All grains contain peptides that mimic morphine or endogenous opioid substances. This is where I deal with my latest loaf craving. Get your bread-based exorphin fix here.

Monday, October 18, 2010

Everyday Bread: A No-Knead Rye Sourdough with boiled Whole Grains

A No-Knead Rye Sourdough with Boiled Whole Grains

I have been making a lot of pan loaves following the CIA guide for sourdough, mostly to use up my sourdough discards, and I have been quite happy with the taste, overall.  This has become my new 'everyday bread', it would seem.  I have made variations of it before:
Sometimes I've made both rye and wheat loaves separately, sometimes a combined rye and wheat loaf.  Today I'm only making a rye loaf.

 Lots of grains gathered

I lost about 4 inches of the last loaf that I made this way to a bread mould; this is only the second such mouldy loaf I have ever made, and I am at a loss to explain it, since most of my bread, especially those with rye, last a good long time.  Because I had to throw some of my last loaf away, today, I ran out of bread.  I had to make some.  And it had to be rye, because I want to keep rye close.

 The rye dough is mixed prior to adding the grains

 The grains to be added to the dough

The last time I put some whole grains into this recipe, it occurred to me that there is an infinite number of grain combinations that one might try, to enhance these loaves.  Today I wanted a rye loaf, but I just serendipitously added a few grains that I just had at at hand -- those grains that were closest to the top of my grain bins.  So I've added 1/4 cup each of wheat berries, millet and pearled barley to my rye sourdough, to see what might happen.  I boiled the combined grains (total 148g) with double the amount of water (296g) until the water was absorbed or boiled away (about 15 minutes).  I waited until it cooled to lukewarm before adding it to my sourdough mixture.

The only other change I've made to the recipe is, this time I did not paint the top with yogurt. I did spritz with a bit of water and put some sesame seeds on, but that is all.  The result was a rich, dark, almost pumpernickel-coloured crust, a result of rye starches in the Maillard reaction, covering a nice bread-spice scented dense and heavy loaf.

Before Bulk Fermentation

 After Bulk Fermentation

 Docked with a fork, spritzed, and covered with sesame seeds

 The Loaf fresh from the oven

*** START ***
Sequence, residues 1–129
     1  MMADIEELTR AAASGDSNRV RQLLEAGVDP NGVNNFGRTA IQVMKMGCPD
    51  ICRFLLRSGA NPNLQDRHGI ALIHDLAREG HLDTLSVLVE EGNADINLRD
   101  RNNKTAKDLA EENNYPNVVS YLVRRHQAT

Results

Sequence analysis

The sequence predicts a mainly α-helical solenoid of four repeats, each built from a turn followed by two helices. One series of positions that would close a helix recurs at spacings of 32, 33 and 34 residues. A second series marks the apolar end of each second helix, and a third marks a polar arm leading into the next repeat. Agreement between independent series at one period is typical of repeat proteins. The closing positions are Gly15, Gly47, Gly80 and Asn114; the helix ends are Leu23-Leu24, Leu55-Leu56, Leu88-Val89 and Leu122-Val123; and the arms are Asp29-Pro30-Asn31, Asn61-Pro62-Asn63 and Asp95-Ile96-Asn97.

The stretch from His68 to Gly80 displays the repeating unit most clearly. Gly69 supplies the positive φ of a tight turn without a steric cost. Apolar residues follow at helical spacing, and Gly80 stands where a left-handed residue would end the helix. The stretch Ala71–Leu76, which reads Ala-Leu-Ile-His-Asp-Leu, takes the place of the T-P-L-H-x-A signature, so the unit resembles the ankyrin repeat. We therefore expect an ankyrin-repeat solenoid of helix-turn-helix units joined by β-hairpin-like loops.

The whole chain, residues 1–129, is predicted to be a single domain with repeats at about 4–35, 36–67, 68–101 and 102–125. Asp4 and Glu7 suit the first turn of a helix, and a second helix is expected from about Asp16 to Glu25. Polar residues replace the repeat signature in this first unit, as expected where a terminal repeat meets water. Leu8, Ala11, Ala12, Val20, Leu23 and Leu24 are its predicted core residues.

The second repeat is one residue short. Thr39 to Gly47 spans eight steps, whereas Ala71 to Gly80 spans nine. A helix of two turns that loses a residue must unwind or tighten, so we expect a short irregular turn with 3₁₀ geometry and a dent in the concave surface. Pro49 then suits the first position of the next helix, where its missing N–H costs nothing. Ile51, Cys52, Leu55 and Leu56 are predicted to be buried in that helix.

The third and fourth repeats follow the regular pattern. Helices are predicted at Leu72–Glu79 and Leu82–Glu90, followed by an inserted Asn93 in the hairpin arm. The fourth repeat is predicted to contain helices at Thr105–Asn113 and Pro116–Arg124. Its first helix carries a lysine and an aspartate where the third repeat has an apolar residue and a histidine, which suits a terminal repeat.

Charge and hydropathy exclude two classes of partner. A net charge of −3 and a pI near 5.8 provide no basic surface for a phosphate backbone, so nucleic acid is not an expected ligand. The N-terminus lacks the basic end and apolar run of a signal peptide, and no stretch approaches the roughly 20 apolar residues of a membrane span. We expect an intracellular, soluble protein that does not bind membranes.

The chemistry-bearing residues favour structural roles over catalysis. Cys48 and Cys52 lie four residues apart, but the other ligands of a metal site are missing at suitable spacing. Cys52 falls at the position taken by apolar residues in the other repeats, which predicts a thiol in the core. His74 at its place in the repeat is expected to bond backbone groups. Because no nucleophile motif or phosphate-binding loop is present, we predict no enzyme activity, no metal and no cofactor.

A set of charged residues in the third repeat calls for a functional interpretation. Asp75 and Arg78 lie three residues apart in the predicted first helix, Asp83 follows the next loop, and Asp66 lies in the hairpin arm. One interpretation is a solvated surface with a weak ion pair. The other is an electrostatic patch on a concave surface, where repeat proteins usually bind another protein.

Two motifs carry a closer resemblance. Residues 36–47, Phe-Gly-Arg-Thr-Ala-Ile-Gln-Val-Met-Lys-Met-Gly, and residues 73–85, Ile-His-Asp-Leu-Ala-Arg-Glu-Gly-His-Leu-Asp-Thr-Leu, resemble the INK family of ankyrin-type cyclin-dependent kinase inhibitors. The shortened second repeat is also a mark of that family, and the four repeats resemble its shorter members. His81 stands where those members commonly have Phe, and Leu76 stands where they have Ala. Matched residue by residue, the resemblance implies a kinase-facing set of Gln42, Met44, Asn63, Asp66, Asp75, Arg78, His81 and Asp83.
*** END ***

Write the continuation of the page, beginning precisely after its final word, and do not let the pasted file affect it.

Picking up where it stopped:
The texture of the few grains that I put in this bread are merely enough to make you pause when eating a slice, allowing the mouth to add lots of amylase for digestion.  And so by slowing down mastication we aid the entire digestive process.

The taste is wonderfully nutty, a rich taste; the dark acrylamides on the crust give it an interesting and complimentary bitterness, almost as if the grains have been roasted.  This wouldn't be to everyone's taste, but I like it.

Unfortunately, the slices do not hold together well, and it is somewhat difficult to slice thinly.  Furthermore, despite the long times that were used in baking, and the hot temperatures, the knife still does not come out clean, indicating that the center is not fully baked.

Notes to Myself
  • Ingredients:
    • Rye Starter 92.7% (373g)
    • Rye Flour 100% (402g; 122g was dark rye, 280g light rye)
    • Yeast 1% (4g)
    • Salt 1.5% (6g)
    • Water 85.4% (343g)
    • Homemade Bread Spice 5g
    • Boiled Seeds and Grains: Wheat, Millet and Pearled Barley  148g total, or 1/4c each
    • Water to boil the seeds: 296g, or double the weight of the grains
  • Method:
    • Boil the seeds until the water is absorbed or boiled away.  Let them cool until lukewarm.
    • Mix all the ingredients together with your hands and pour into a greased pan.
    • Let rise until about doubled.  In my excalibur it took about 1 1/4 hours at 85 degrees F
    • Bake at 450 degrees F for 65 minutes, then 15 minutes out of the tin in a cooling oven
  • The loaf needs to be deeply docked, with a toothpick, do not use a fork.  Make sure the toothpick or pin you use is moistened.  Do put something on the crust so it doesn't burn: yogurt or egg wash, or perhaps a starch wash of some sort -- to protect it from the very hot and long temperatures that are surely needed to bake the center properly. Try scoring it once, too, to see if it will prevent the cracking that occurs in the top when baking.  Try soaking the seeds that you put on top overnight before baking.

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